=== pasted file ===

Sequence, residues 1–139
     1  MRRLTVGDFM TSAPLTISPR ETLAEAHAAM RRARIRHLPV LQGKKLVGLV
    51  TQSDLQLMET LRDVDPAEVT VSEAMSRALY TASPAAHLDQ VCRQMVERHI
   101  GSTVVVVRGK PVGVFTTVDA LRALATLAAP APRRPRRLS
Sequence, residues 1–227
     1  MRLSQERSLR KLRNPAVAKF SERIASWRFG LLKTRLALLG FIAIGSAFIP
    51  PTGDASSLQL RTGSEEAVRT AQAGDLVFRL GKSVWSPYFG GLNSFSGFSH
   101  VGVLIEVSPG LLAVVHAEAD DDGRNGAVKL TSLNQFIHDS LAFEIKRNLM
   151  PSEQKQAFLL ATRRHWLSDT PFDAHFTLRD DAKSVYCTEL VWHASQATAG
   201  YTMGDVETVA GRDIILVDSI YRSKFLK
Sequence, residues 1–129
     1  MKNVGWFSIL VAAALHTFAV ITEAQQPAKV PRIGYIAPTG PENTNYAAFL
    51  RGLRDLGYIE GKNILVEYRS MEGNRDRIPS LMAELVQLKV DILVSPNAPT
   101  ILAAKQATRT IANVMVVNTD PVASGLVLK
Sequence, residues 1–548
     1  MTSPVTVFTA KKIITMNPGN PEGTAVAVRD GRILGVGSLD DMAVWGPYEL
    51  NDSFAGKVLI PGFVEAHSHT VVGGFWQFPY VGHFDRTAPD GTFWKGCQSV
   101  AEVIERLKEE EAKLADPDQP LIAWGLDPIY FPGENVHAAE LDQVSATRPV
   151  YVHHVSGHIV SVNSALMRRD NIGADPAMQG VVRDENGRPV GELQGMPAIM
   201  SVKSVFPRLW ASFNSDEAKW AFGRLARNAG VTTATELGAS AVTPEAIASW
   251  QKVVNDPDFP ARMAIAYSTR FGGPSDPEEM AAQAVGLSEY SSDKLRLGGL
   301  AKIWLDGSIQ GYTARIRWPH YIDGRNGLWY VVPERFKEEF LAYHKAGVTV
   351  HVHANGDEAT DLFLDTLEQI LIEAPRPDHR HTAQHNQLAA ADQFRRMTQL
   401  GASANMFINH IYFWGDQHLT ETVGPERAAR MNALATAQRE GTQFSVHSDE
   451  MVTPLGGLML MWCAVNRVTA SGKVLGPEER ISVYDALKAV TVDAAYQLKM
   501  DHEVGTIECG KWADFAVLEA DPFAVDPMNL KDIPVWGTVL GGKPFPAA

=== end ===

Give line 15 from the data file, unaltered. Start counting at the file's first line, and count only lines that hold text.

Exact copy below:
Sequence, residues 1–548